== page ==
Implode-Explode Heavy Industries news feed http://implode-explode.com/ Tracking the many faces of the global credit implosion. en-us iehi-feed-63546 Sun, 21 Jan 2018 19:20:35 GMT Shutdown Day 2: Congress Seems Far Apart on a Resolution http://implode-explode.com/viewnews/2018-01-21_ShutdownDay2CongressSeemsFarApartonaResolution.html Congress appeared to make little headway early Sunday toward ending a two-day-old government shutdown, trading blame as lawmakers reconvened for another rare weekend session to try to find a resolution before the workweek began.

With the Senate meeting at 1 p.m. and the House to follow at 2, lawmakers remained mired in partisan disputes. Senator Mitch McConnell of Kentucky, the majority leader, said he would move ahead with a vote on a temporary spending bill, which would occur by 1 a.m. Monday, unless Democrats allowed it to proceed sooner.

The best hope for a breakthrough appeared to reside with a group of about 20 moderate senators from both parties who met for much of Saturday to try to hammer out a compromise to present to Mr. McConnell and the Democratic leader, Senator Chuck Schumer of New York.

The group was considering various proposals, including one that would keep the government open through early February, provide disaster funding for states ravaged by last year's hurricanes and ensure long-term funding for the Children's Health Insurance Program. It would also include a promise of some sort to hold votes on an immigration deal in the coming weeks.

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iehi-feed-63545 Sun, 21 Jan 2018 14:45:14 GMT US shutdown: Senate in bid to end impasse http://implode-explode.com/viewnews/2018-01-21_USshutdownSenateinbidtoendimpasse.html iehi-feed-63542 Sat, 20 Jan 2018 15:13:23 GMT Government shutdown: Who is affected and what's next? http://implode-explode.com/viewnews/2018-01-20_GovernmentshutdownWhoisaffectedandwhatsnext.html iehi-feed-63541 Sat, 20 Jan 2018 01:41:53 GMT Kushner's Deutsche Bank-Backed Times Square Property Stung by Tenant Troubles http://implode-explode.com/viewnews/2018-01-19_KushnersDeutscheBankBackedTimesSquarePropertyStungbyTenantTroubl.html In a six-floor retail space near Times Square, the Guy Fieri restaurant has closed and construction hasn't begun on celebrity chef Todd English's food hall. A tourist attraction featuring a 1/87th scale model of New York City was behind on rent for two months as of December, according to loan documents. It wasn't supposed to be this way.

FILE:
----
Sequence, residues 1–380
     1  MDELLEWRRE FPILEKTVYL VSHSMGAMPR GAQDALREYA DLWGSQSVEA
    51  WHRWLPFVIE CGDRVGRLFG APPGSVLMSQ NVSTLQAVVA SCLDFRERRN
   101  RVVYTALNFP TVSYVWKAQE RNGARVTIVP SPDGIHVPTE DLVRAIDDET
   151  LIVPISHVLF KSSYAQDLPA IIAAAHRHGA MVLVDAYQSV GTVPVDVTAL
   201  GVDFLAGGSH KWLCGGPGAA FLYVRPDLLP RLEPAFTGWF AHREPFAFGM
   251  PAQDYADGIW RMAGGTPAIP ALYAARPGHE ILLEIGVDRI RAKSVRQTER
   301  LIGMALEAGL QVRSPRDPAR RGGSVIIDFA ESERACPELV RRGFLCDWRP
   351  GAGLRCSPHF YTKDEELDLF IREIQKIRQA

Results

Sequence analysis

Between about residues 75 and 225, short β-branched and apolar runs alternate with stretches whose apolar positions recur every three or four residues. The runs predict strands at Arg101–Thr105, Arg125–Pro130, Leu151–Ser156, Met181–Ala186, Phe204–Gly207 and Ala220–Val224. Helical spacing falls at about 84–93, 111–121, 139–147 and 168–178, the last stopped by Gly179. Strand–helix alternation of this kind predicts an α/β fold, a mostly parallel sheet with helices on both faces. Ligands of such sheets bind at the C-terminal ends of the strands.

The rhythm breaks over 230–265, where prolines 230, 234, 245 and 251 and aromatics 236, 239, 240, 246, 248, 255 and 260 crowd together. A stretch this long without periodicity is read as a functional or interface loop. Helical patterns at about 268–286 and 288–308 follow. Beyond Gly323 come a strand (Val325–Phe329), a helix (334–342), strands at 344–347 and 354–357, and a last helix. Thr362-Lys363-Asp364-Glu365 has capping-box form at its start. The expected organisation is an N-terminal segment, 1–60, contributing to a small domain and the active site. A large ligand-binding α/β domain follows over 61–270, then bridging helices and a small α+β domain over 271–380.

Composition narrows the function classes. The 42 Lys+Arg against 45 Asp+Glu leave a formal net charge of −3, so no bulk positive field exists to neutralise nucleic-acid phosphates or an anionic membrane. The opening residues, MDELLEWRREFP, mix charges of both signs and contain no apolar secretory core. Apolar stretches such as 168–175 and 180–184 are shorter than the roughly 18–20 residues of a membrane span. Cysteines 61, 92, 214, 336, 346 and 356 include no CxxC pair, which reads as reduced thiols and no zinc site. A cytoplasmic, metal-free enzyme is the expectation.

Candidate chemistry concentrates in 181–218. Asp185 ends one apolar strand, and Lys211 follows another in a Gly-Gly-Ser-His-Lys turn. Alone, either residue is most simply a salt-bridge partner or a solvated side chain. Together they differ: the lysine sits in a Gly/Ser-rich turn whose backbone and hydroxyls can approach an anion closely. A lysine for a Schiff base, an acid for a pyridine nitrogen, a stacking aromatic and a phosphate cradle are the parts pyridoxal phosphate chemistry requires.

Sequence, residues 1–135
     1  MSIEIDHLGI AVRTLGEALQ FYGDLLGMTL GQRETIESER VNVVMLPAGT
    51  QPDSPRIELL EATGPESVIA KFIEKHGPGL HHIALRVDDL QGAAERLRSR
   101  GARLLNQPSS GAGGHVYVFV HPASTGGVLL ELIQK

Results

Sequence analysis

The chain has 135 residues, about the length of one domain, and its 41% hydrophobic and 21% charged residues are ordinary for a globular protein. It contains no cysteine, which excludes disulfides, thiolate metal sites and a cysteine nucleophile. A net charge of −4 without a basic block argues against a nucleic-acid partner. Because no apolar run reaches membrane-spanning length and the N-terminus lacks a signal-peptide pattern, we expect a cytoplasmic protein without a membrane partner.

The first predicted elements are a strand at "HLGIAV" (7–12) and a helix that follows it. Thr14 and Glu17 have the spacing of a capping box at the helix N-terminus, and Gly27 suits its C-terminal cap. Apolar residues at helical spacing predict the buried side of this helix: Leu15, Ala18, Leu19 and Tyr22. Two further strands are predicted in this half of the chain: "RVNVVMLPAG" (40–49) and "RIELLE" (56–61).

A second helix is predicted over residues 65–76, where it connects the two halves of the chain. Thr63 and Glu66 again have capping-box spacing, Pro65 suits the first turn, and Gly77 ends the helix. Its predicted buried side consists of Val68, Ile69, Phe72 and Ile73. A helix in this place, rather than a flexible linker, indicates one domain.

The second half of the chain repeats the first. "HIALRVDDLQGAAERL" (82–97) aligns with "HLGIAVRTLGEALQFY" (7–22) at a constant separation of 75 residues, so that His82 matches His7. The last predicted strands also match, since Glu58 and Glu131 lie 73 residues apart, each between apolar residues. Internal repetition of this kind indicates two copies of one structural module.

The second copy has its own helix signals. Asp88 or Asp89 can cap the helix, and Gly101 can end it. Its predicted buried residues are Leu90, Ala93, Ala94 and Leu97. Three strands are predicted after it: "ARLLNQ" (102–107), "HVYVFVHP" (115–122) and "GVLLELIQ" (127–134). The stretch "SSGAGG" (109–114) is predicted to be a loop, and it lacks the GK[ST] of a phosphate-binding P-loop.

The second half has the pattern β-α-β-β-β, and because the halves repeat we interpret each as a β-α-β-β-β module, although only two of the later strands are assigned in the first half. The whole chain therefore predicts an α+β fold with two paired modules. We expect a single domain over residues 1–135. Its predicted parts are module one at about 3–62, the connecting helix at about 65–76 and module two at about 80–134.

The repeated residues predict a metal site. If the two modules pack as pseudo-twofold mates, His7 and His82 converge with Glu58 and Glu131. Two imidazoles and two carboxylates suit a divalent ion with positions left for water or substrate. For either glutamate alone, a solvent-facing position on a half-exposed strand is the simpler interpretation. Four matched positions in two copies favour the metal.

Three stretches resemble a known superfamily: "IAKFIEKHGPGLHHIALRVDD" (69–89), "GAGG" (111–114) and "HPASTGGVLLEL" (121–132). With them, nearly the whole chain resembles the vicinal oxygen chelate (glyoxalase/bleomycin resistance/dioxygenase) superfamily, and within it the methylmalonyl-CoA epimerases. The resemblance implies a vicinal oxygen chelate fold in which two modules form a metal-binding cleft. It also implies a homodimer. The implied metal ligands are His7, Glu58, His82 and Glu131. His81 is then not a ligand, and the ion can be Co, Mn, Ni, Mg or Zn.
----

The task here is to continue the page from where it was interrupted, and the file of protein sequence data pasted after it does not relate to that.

When Kushner Cos. bought the property for $296 million in 2015, then-Chief Executive Officer Jared Kushner had big plans to capitalize on the tens of millions of tourists who visit the area every year. Deutsche Bank AG financed the endeavor before selling most of the debt to investors across Wall Street a year ago. Those investors were shown disclosures describing the retail space as 100 percent occupied and estimating it would throw off $24 million of rent annually.

But Fieri, English and Gulliver's Gate, the operator of the miniature Manhattan, account for $9.9 million of that rent estimate, which underpinned a market-defying appraisal boost and helped justify $370 million of loans, the disclosures show. Problems with these spaces could make the economics challenging.

Last year, New York prosecutors requested documents from Deutsche Bank related to the property, where the Kushners used the debt to take out $59 million in cash. It isn't clear what prosecutors are looking for. But mortgages granted under generous financial assumptions then sold to others who will bear the risk have piqued their interest in other cases. A spokesman for the Brooklyn U.S. Attorney declined to comment, as did a spokesman for Deutsche Bank.